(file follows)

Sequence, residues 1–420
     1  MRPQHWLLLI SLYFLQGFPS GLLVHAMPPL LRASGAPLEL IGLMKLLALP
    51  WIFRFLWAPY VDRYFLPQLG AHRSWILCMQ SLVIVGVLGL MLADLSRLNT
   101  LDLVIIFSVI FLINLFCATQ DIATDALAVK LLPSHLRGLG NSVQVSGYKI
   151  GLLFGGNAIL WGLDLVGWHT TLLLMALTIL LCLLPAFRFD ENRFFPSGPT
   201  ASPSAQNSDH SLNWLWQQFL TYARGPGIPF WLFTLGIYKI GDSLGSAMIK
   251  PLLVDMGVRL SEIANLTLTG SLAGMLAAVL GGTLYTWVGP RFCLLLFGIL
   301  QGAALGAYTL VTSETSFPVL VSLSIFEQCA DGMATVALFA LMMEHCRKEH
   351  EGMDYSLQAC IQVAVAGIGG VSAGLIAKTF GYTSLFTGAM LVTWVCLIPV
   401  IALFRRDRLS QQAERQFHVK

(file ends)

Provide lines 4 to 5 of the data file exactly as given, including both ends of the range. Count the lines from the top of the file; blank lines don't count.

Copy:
   101  LDLVIIFSVI FLINLFCATQ DIATDALAVK LLPSHLRGLG NSVQVSGYKI
   151  GLLFGGNAIL WGLDLVGWHT TLLLMALTIL LCLLPAFRFD ENRFFPSGPT